Stock futures fall as congressional control remains unclear

PIMCO's Libby Cantrill analyzes what the interim results mean for the market

Stock futures traded lower following recent market gains as the results of the midterm elections have yet to provide a clear answer on who will control Congress.

Futures linked to the Dow Jones Industrial Average fell 196 points, or about 0.6%. S&P 500 futures fell 0.6% and Nasdaq 100 futures fell 0.7%.

Stocks rose for three straight days ahead of the election, in which Wall Street expects Republicans to win and block any future tax and spending plans. The Dow rose 333 points on Tuesday, gaining more than 1% for the third straight session.

But congressional control is unclear. Control of the House of Representatives has not yet been predicted by NBC News, which estimates Republicans could win 220 seats, which would be a slim majority.

In one of the key races that could decide control of the Senate, Democrat John Feltman beat Republican Mohamed Oz for a key Pennsylvania Senate seat, according to a forecast from NBC News. Oz has the backing of former President Donald Trump, whose candidates have had mixed success across the country. Key Senate races in Georgia and Nevada remain unresolved.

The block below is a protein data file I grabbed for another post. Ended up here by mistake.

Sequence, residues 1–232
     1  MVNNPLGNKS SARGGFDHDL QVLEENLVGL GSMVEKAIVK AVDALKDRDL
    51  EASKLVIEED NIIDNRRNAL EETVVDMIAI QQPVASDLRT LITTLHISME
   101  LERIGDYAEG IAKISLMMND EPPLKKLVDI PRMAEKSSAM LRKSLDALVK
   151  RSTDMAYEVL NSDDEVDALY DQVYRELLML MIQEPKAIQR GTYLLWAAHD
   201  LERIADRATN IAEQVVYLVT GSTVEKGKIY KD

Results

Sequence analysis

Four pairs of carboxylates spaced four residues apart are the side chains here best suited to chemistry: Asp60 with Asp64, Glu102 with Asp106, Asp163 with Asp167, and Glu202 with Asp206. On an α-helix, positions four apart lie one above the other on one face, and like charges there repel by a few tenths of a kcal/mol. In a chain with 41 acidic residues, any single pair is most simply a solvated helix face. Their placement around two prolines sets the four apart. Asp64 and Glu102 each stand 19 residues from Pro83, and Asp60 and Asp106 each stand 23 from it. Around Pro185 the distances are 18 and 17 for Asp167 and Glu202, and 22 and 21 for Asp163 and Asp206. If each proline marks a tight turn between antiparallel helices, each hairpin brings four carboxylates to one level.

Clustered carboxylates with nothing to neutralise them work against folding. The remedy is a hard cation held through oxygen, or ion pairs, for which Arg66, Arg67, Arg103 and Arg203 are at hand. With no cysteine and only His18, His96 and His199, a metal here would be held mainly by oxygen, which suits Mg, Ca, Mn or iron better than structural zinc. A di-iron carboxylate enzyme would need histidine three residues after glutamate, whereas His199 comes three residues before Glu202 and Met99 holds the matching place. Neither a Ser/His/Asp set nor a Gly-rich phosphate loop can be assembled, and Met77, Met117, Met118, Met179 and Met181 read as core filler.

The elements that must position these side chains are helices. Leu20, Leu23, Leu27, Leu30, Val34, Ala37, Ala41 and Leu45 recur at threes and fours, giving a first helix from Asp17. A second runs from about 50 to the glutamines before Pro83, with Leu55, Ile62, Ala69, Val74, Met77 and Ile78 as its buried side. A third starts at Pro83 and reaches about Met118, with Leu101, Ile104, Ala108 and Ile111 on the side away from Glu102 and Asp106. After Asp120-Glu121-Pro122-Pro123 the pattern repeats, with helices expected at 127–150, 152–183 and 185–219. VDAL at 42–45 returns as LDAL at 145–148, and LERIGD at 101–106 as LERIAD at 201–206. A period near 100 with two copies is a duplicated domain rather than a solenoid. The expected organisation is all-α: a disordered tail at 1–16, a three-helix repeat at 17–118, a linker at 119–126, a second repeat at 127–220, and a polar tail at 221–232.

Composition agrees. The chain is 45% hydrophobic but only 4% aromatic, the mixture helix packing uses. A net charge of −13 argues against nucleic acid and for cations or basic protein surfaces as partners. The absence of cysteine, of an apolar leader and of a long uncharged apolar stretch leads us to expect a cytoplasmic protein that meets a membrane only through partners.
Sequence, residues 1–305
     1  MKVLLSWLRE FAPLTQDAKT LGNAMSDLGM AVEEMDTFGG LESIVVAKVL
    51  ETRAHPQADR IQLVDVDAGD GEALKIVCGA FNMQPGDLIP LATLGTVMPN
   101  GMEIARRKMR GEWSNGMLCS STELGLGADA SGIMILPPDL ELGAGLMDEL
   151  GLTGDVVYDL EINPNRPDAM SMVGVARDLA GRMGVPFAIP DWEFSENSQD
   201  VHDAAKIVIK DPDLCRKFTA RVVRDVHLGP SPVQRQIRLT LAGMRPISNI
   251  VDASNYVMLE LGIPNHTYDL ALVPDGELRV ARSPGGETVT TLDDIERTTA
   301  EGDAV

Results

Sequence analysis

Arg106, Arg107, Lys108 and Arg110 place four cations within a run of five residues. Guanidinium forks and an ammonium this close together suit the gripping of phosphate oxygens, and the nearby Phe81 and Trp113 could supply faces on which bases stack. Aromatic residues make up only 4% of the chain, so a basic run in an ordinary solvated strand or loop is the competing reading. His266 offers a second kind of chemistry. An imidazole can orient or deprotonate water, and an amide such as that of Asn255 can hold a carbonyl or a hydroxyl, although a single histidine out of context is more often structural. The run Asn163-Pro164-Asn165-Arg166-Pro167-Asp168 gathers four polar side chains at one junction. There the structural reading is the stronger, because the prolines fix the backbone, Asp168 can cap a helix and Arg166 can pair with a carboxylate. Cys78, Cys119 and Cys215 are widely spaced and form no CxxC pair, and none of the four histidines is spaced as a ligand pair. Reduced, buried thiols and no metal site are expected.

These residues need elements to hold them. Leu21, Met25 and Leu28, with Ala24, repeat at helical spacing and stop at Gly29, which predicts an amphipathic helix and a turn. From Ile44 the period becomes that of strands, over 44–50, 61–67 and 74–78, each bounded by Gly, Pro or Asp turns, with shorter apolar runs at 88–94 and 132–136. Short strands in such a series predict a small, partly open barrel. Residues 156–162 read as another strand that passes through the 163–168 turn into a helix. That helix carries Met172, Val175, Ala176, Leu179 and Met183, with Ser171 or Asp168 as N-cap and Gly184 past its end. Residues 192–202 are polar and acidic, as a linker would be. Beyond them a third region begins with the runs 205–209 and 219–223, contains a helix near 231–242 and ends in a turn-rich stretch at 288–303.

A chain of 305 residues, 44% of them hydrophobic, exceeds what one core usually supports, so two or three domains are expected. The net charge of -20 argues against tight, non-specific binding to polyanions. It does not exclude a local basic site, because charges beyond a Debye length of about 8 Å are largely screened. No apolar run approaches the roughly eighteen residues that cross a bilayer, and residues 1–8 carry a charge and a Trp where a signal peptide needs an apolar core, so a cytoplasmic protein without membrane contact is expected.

“The outcome of the election remains uncertain, but the red wave that models, investors and betting markets expected has not materialized, and in the near term, this will exacerbate already elevated volatility,” Dennis de Boucher said in a Wednesday statement. wrote in a report.

While the election has grabbed the market’s attention, investors may want to move on now as the Fed raises interest rates to bring down inflation, which could tip the economy into recession.

The political landscape “will fascinate Washington’s chattering class, but for markets, the focus will shift to whether a recession is looming, whether the Fed will end its tightening this winter, and whether a truce and negotiation is possible in the Ukraine war,” said AGF Investments chief U.S. Policy strategist Greg Valliere wrote.

The market’s recent rally has occurred at the front end of a strong seasonal period. Stocks have historically tended to rise after midterm elections and the political clarity they bring, and the last two months of the year are considered bullish for investors.

Facebook Parents Share meta platform The stock rose 3% premarket after the social media giant announced it would lay off more than 11,000 employees. Founder and CEO Mark Zuckerberg said he was too optimistic about growth and needed to streamline the company now.

One stock that dragged down futures was Disney, which fell more than 8% in early trade after the entertainment giant missed expectations for revenue and profit in its fiscal fourth quarter.

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